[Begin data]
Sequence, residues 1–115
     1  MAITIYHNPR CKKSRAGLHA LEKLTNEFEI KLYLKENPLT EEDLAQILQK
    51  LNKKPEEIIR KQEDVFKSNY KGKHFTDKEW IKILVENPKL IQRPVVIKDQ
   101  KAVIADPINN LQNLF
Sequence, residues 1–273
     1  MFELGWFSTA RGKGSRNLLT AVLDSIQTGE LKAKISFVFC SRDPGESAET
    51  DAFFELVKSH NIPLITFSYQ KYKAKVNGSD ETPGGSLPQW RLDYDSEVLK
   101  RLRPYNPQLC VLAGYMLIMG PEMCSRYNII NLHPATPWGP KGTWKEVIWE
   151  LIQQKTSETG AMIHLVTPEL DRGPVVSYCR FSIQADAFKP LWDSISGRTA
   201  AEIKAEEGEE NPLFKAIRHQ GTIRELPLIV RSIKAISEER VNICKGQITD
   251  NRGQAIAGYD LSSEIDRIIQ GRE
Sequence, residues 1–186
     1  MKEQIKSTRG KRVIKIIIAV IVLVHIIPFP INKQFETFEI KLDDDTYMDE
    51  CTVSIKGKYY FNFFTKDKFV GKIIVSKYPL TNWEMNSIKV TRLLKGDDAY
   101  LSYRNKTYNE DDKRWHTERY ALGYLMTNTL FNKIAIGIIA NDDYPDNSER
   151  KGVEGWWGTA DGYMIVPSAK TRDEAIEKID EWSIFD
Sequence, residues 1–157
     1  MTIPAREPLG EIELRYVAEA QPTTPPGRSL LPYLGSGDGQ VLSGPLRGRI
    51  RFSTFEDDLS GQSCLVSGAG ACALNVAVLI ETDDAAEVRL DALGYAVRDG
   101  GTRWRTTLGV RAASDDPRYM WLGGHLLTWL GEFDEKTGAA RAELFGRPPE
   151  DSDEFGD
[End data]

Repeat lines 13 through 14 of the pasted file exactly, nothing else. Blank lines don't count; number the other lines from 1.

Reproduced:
     1  MKEQIKSTRG KRVIKIIIAV IVLVHIIPFP INKQFETFEI KLDDDTYMDE
    51  CTVSIKGKYY FNFFTKDKFV GKIIVSKYPL TNWEMNSIKV TRLLKGDDAY